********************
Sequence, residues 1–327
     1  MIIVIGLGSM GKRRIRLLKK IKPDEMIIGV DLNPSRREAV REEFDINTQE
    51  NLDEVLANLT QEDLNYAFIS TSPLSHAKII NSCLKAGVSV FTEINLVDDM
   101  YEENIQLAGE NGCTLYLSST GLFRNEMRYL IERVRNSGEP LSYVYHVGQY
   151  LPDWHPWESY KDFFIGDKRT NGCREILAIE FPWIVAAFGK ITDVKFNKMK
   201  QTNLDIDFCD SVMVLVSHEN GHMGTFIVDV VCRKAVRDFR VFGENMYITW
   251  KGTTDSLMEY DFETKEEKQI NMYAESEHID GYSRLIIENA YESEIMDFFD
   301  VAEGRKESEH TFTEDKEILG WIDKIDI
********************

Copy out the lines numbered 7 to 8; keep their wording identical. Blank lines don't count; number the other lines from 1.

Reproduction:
   251  KGTTDSLMEY DFETKEEKQI NMYAESEHID GYSRLIIENA YESEIMDFFD
   301  VAEGRKESEH TFTEDKEILG WIDKIDI